2016 Federal Budget Process Breaks Down

Grant Olan
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The clock is running out for the US Congress to pass a federal budget for 2016 before the new fiscal year begins on October 1. Confidence is low that Congress will meet the deadline. Many in Washington predict Congress will keep funding the government at last year’s funding levels until it can pass a full-year budget. But if Congress fails to achieve either a new budget for 2016 or agreement to keep government operating at 2015 funding levels, essential government services will shut down.

The last shutdown in 2013 lasted 16 days. Non-mandatory federal programs funded by Congress through the annual appropriations process such as medical research were affected. The National Institutes of Health (NIH), for instance, was unable to fund new grants and contracts during that time.

A major sticking point for many Democrats are the budget caps Congress passed in 2011 to curb the federal deficit. Democrats are refusing to support appropriation bills unless there is a broad agreement to raise the caps—and allow more spending—for both defense and non-defense discretionary (non-mandatory) programs.

As a result of the caps and other federal austerity measures, NIH has lost nearly 25% of its purchasing power since 2003. During the same time, China and other countries have been ramping up their investments in research. The consequences of the funding shortfall are apparent as grant application success rates reach an all-time low and as US scientists move oversees or leave the research field altogether.

NIH Director Francis Collins, MD, PhD, provided alarming testimony before the US House of Representative in March about the impact on student interest in research. “This is the issue that wakes me up at night when I try to contemplate the future of where biomedical research can go in the United States,” Collins said. “They are finding themselves in a situation that is the least supportive of that vision in 50 years. They look ahead of them and see the more senior scientists struggling to keep their labs going and suffering rejection after rejection of grants that would have previously been supported. And they wonder, ‘Do we really want to sign up for that?’ And many of them, regrettably, are making the decision to walk away.”

Despite the current fiscal climate, bipartisan support for increasing NIH’s budget has swelled.The proposed 2016 budgets in the House and Senate both include increases for NIH. The House and Senate bills also provide the National Institute of Diabetes and Digestive and Kidney Diseases (NIDDK) with increases of $22 million and $76 million, respectively.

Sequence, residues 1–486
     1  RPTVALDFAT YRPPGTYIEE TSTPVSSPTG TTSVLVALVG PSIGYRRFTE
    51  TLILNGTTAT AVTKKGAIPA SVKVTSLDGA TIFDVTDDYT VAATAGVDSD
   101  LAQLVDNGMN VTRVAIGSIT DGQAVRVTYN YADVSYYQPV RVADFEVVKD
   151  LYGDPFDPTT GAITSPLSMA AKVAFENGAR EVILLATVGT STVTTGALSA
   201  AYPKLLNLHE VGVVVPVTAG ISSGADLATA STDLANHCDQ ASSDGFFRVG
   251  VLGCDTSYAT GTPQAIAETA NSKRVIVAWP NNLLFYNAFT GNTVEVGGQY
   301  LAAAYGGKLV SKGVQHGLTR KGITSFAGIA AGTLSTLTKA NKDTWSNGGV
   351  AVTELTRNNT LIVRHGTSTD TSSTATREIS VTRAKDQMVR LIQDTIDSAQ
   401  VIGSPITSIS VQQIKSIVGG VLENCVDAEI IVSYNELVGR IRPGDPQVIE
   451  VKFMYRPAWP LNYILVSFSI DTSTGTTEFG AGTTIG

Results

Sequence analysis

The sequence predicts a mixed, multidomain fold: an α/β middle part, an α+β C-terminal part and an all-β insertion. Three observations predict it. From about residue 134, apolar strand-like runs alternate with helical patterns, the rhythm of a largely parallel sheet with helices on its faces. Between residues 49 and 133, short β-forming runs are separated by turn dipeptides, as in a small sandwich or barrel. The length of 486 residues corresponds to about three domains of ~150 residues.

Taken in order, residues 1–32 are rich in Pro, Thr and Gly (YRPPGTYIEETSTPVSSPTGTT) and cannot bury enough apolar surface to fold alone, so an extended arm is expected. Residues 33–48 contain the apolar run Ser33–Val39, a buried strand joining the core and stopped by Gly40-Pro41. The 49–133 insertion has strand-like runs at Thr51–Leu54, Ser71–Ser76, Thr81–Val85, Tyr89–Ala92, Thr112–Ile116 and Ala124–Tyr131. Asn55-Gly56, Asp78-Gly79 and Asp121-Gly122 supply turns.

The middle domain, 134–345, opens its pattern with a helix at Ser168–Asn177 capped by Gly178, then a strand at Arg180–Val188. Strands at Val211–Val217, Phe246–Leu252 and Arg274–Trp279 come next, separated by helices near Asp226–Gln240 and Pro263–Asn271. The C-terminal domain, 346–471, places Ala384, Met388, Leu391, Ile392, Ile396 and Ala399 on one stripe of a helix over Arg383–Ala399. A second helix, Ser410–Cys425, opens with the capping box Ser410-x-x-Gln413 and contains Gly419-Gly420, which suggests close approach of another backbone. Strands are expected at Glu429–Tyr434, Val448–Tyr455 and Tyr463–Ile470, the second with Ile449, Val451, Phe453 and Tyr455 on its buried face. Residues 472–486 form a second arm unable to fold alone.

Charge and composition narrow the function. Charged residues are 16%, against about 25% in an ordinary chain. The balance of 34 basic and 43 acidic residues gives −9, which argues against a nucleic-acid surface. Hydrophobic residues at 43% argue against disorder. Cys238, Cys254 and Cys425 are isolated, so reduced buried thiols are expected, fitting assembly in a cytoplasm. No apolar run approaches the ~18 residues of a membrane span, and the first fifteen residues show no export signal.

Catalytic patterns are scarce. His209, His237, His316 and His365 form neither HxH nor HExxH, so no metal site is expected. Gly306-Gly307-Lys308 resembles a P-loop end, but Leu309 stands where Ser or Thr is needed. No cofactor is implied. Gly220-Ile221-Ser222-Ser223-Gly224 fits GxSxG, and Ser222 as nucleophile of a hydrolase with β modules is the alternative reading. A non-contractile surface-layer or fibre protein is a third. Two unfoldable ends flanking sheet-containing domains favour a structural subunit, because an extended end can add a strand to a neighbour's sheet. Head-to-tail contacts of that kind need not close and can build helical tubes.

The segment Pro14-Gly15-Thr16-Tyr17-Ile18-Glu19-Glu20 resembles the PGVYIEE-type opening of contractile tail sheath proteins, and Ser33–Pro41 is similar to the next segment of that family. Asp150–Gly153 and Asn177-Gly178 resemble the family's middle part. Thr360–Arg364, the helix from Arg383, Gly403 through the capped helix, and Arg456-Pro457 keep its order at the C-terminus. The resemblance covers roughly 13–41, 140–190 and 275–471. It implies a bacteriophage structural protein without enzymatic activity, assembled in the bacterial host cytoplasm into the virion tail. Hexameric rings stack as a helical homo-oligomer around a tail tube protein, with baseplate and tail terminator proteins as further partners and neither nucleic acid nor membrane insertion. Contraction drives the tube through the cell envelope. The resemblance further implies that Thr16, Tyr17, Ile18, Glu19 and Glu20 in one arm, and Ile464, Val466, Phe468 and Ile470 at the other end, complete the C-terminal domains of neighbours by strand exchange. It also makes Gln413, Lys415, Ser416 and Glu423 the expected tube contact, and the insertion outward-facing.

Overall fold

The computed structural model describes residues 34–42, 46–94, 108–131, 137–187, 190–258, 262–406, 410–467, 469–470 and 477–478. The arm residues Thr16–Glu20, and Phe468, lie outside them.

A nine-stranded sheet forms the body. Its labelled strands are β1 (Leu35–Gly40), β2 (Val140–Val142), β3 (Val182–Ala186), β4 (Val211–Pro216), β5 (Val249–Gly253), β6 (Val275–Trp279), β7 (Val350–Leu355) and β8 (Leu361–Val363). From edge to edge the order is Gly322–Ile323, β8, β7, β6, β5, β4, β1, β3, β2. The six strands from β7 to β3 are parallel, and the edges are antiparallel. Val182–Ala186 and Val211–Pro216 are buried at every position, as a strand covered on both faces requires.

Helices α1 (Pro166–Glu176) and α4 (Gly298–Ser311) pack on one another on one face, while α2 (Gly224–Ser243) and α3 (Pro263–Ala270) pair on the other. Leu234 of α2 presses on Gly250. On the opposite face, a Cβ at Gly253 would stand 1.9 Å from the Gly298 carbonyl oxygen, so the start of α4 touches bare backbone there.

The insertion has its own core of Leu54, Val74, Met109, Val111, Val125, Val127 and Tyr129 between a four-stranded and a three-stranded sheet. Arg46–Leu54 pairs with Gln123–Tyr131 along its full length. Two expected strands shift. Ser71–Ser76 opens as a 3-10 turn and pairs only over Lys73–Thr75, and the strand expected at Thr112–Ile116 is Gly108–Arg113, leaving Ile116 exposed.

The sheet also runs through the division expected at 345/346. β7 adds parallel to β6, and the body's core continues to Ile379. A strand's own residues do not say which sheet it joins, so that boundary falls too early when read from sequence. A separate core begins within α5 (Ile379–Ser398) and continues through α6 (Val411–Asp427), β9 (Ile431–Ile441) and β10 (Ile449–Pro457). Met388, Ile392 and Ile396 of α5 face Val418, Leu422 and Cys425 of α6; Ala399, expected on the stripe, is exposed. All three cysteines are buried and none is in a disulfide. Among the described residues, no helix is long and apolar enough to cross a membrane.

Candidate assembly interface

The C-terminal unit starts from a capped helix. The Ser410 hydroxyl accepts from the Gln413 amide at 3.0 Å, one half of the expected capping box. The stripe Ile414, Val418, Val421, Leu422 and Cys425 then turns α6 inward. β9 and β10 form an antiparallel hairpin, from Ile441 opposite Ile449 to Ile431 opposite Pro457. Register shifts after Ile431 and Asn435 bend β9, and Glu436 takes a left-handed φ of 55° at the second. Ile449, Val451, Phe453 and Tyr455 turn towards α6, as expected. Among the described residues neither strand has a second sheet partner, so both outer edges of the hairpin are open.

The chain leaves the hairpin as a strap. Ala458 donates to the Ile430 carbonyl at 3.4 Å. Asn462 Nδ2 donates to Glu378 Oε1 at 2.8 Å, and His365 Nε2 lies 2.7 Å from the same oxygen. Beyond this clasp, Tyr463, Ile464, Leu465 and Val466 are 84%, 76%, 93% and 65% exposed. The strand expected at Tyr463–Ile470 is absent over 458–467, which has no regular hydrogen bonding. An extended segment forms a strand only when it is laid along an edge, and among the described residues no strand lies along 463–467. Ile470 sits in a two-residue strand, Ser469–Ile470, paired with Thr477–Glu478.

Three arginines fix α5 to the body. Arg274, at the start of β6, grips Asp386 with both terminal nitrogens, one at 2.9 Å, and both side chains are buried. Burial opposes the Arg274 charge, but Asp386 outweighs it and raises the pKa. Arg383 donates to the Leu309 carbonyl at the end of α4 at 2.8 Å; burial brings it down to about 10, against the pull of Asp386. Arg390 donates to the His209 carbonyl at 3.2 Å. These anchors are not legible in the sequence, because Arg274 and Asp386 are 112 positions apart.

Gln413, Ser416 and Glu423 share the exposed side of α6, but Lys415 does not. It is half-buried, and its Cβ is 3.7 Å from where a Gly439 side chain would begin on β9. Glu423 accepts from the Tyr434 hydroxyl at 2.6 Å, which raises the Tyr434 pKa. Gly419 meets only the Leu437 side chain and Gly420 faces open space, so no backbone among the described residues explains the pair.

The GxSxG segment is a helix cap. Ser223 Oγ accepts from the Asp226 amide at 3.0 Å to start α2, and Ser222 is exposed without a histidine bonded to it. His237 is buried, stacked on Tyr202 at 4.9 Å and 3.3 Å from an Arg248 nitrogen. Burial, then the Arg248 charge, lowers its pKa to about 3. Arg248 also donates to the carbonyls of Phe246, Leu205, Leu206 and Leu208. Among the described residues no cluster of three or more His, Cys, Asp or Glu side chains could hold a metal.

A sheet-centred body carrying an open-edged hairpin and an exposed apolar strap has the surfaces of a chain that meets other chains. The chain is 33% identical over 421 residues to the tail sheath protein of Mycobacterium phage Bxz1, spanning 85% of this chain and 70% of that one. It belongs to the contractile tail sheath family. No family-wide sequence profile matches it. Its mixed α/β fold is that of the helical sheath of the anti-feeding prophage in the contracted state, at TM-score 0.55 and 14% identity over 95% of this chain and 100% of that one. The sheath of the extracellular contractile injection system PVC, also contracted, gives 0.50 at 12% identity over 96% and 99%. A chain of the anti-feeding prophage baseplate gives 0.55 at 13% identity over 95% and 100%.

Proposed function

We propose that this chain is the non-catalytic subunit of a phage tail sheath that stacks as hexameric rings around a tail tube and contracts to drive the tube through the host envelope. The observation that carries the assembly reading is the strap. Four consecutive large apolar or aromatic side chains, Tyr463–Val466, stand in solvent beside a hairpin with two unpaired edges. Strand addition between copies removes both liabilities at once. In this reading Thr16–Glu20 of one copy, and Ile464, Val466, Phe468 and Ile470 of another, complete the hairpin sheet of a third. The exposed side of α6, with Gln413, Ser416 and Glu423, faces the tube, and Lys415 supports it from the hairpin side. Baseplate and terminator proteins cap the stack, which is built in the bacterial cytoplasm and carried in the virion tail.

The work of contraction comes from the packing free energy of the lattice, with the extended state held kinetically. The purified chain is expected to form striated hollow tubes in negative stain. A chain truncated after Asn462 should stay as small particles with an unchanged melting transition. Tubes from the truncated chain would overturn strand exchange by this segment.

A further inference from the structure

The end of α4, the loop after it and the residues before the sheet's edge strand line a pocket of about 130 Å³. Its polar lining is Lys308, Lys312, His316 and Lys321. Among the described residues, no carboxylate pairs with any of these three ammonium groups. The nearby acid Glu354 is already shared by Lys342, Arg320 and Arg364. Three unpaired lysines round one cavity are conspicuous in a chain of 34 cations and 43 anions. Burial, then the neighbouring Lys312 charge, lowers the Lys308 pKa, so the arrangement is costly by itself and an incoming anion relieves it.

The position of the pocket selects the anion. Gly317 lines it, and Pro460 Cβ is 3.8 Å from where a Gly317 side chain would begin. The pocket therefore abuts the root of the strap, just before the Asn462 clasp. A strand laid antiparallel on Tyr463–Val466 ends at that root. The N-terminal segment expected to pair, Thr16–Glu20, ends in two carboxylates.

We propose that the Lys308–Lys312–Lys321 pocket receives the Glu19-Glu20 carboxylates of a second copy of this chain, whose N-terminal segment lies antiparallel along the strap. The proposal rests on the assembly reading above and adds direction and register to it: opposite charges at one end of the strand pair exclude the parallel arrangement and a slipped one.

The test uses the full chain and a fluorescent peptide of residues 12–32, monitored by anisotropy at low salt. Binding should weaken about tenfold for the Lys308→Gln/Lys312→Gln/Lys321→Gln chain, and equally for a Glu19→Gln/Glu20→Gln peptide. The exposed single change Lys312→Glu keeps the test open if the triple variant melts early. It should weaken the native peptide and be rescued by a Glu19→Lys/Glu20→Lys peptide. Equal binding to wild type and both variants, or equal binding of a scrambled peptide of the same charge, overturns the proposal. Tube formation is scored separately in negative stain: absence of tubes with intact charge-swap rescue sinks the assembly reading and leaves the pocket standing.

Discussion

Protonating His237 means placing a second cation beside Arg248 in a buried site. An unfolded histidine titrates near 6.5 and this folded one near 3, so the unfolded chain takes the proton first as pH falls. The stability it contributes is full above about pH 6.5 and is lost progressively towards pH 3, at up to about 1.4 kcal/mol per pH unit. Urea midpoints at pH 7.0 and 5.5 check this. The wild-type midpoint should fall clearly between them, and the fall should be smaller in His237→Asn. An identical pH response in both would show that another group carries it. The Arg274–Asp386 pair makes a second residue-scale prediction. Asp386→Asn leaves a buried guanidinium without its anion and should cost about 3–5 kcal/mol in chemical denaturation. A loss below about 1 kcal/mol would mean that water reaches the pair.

Due to the budget cap limits on the total dollar amount Congress can spend on discretionary programs, the NIH increases would come at the expense of other public health and research programs many members of Congress who support NIH also value. The House and Senate bills cut or eliminate funding for the Agency for Healthcare Research and Quality (AHRQ) (the only federal agency that funds health services research), Centers for Disease Control and Prevention (CDC), and Health Resources and Services Administration (HRSA). The House bill also bans patient-centered research.

ASN is working with the Coalition for Health Funding and other partners in protesting these proposed tradeoffs, highlighting the importance of the entire research continuum, advocating to increase the budget caps, and building support for additional investments.

“Attacks on AHRQ and patient-centered research are misguided and counterproductive,” commented ASN Research Advocacy Committee Chair Frank “Chip” Brosius, MD. “Both will yield big savings to Medicare in the long run by improving the delivery of healthcare services and treatments. ASN urges Congress to increase the budget caps and bolster research investments, which is essential for maintaining America’s position as the world leader in medical innovation.”

In July, the House passed the 21st Century Cures Act, which would also provide NIH additional funding totaling $8.75 billion over 5 years and not be subject to the budget caps. A top ASN legislative priority, the society helped the House Energy and Commerce Committee develop and pass the bill and is now working with the Senate Health, Education, Labor, and Pensions Committee to develop and pass its own version of the bill in the Senate.

“ASN is grateful and urges congressional support for the 21st Century Cures Act that would provide NIH increased funding for 5 years,” noted ASN Secretary-Treasurer and Public Policy Board Chair John R. Sedor, MD, FASN. “At the same time, we need to increase the budget caps and provide NIH steady and sustained increases year after year. That is absolutely essential for attracting the best and brightest minds to science and curing our biggest healthcare challenges, including kidney disease.”